The late, great Italian novelist and memoirist Natalia Ginzburg once observed that everything that one writes is a little autobiographical. Glimmers of Jessamyn Hope’s personal story are scattered throughout her lovely, memorable and newly published novel, “Safekeeping.”
Hope’s impressive roman a clef takes place in 1994 and its events are set into motion early on when Adam arrives on Kibbutz Sadot Hadar in northern Israel. Adam, a twenty-something drug addict, is carrying a family heirloom—a priceless gold and bejeweled brooch—that he intends on returning to his grandfather’s first and only love, Dagmar. Dagmar now called Ziva, is a long-time member of the kibbutz, a woman fiercely dedicated to the original socialist ideals of the movement.
Almost fifty years earlier Adam’s grandfather Franz, a refugee from war torn Europe, arrived at Sadot Hadar with the brooch. It had been in his family since the mid-1300s and he risked his life to rescue it from his occupied home just before he escaped from Germany. Adam, on the other hand, pawned the brooch in Manhattan’s Diamond District to support his habit. When he realizes his mistake, he pistol-whips the Hasidic broker who, in effect, holds the piece for ransom when he recognizes its value. Adam steals the brooch and arrives on the kibbutz with it determined to fulfill his grandfather’s dying wish by giving it to Ziva.
Hope masterfully weaves together the stories of the kibbutz’s outsiders who, for various reasons, have ended up in Sadot Hadar. Ulya is a Russian émigré with a checkered past who briefly flirts with the idea of marrying Adam for easy passage to Manhattan. Claudette is a Catholic orphan tortured by obsessive-compulsive thoughts. Ofir, born and raised on the kibbutz, is a musical prodigy who loses his hearing in a bus bombing. Having these disparate characters interact in Israel has allowed Hope to address the political and personal as well as to nimbly demonstrate how connected they are.
This is also a book that takes in the sweep of Jewish history, including the pogroms in medieval Germany, the Holocaust and the founding of the State of Israel. In a recent interview Hope asserted that, “I’m very fascinated by novels with historical backgrounds. I love personal stories set against a public backdrop—stories of personal tragedy intertwined with communal tragedy.”
Like Natalia Ginzburg’s astute assertion about the presence of autobiography in one’s work, Hope’s life story casts a shadow over the fictional events in “Safekeeping.” She acknowledges that her choice to portray her main character as an addict is taken from personal experience. “I was involved with an addict and I wrote Adam, in part, to inhabit an addict and try to figure out how much choice he had. In some ways, I understand that addiction is a mental illness a person has no control over. Yet even after working on the novel for eight years, I feel unsure whether Adam really had no choice to take drugs.”
Despite similarities in the book to her own life history, Hope is quick to point out that, “Although many things in the novel were inspired by my own life, none of the [book’s events] actually happened to me. Yes, I did know someone with addiction. And when I lived on a kibbutz [in the early 90s] I fell in love with a boy who, like Ofir, had survived a bus bombing. I met older members of the kibbutz like Ziva who were against privatizing. I have another novel that failed to find a publisher, so I can imagine her heartache at working hard for something and then not having it succeed. I’ve also struggled with OCD, like Claudette, but I certainly am not a Catholic orphan.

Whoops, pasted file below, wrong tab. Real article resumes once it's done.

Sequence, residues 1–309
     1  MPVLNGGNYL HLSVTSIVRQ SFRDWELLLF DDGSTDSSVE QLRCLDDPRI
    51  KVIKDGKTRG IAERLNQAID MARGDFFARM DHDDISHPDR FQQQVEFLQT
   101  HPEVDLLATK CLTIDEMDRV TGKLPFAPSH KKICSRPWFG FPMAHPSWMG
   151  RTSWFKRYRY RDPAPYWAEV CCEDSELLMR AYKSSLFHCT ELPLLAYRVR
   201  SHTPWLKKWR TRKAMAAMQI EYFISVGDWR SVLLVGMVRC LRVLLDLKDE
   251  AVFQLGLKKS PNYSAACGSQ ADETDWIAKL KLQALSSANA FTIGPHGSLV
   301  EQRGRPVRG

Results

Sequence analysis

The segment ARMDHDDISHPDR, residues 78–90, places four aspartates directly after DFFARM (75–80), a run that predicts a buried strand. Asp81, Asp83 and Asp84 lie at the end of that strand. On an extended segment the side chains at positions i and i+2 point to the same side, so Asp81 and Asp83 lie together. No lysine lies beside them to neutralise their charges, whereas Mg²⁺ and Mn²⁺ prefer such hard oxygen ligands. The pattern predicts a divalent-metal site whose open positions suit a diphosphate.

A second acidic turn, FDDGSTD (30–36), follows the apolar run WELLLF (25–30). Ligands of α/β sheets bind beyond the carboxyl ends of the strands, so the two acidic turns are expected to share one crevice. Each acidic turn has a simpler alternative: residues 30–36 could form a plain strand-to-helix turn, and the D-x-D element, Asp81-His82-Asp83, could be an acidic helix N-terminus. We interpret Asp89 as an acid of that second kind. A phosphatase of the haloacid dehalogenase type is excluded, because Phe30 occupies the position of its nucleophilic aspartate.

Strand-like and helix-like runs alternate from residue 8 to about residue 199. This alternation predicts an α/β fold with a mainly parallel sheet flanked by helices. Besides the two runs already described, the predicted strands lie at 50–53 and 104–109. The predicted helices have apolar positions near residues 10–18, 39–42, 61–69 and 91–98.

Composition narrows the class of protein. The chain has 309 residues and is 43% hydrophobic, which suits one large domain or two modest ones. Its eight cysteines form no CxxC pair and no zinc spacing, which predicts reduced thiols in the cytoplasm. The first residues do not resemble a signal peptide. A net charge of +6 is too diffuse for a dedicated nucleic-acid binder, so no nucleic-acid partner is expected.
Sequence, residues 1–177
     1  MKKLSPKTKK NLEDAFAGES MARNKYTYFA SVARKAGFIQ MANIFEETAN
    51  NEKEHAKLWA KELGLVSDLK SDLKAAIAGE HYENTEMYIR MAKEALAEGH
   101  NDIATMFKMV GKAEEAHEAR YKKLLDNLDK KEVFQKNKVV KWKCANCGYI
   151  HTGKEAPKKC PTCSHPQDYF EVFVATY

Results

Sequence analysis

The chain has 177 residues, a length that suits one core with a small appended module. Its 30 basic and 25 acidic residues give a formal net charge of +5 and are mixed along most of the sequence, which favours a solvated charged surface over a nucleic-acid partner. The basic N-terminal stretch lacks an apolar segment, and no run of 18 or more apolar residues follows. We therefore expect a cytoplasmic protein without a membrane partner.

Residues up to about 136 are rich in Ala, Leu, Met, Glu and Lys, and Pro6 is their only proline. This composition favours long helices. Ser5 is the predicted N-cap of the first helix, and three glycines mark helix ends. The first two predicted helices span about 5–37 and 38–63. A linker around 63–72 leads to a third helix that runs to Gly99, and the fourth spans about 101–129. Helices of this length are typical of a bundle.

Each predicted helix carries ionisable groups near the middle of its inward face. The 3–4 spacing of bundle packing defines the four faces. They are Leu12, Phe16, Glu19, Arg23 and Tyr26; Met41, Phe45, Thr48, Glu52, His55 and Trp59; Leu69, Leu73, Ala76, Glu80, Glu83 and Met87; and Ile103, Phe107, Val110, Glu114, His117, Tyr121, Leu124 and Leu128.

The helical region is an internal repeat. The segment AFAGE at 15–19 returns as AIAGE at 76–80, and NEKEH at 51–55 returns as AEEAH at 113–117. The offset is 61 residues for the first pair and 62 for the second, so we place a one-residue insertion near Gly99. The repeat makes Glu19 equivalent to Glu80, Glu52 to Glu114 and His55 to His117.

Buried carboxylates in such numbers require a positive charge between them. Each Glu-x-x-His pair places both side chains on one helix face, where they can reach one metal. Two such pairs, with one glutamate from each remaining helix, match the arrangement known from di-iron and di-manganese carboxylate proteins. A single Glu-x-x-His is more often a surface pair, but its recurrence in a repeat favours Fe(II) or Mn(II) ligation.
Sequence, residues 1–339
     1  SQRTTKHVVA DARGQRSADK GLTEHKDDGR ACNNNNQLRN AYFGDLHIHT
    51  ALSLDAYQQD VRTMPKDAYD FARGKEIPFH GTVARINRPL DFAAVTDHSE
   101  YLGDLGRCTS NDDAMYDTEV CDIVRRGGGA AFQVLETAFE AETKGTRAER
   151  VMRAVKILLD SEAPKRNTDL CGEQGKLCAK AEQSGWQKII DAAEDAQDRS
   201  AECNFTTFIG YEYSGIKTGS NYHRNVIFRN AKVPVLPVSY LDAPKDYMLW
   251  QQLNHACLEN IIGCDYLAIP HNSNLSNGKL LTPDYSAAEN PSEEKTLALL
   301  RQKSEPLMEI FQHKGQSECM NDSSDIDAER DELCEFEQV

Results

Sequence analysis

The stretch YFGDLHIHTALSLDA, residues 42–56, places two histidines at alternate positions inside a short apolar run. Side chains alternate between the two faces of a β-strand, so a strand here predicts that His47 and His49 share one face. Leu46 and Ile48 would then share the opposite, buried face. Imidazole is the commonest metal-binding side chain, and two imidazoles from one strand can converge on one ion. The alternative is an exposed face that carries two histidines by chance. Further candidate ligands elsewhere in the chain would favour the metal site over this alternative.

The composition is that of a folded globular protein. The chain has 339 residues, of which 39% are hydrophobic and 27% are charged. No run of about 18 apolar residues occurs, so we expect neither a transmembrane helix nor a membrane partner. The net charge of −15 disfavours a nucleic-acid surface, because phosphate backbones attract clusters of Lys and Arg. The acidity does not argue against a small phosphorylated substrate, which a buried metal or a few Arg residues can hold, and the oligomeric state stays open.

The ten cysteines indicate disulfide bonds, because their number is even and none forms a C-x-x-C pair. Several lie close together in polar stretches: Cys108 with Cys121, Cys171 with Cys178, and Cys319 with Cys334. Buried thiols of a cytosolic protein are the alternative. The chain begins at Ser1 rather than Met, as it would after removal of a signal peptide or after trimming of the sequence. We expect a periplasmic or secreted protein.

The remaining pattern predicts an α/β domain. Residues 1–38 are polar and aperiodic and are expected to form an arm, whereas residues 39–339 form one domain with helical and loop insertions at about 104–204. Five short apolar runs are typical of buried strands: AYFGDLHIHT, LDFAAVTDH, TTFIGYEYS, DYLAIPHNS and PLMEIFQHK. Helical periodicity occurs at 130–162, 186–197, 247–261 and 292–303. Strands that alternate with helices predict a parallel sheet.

I suspect that in multi-protagonist novels, often every character represents a fraction of the author, fractions that often war inside of her. Like Ulya, sometimes I just want to survive and thrive, no matter what. Other times I feel idealistic like Ziva and concerned about the world at large. And like Ofir, who only wants to make music, sometimes I only want to make everything secondary to my writing. The intention is to dramatize the warring factions I have within myself, and by doing so grapple with larger questions about life.”
Hope also presents the brooch as a shiny, compelling MacGuffin, which one reviewer called “an elegant stand in for Jewish history.” Hope notes that, “I couldn’t tell Ziva’s story without setting it against a thousand years of history. The meaning of Ziva’s goal—to start a kibbutz, to found a Jewish state—wouldn’t have as much emotional impact.”
The brooch also calls up a private reference to Hope’s own story. “Although tragedy befalls the brooch it still survives. My mother died when I was in my teens and I somehow survived her death. I’m also interested in the idea that things that happened a long time ago affect who you are and what you do today. It’s like a pebble thrown into a pool of water. It creates concentric circles. Things that happened in the book in 1347 or 1945 affect the lives of people in 1994. Through the brooch I give the reader a chance to see the pebble that makes those concentric circles.”
During her time on the kibbutz, Hope felt the tension between preserving Jewish identity and respecting individualism. “I feel very strongly about being Jewish. Yet as an artist I love being a free thinker not attached to a particular identity.” In that vein, Hope is not attached to a definitive outcome for her characters. It is their journey towards redemption that matters and ultimately distinguishes “Safekeeping” as a notable addition to Jewish-American literature.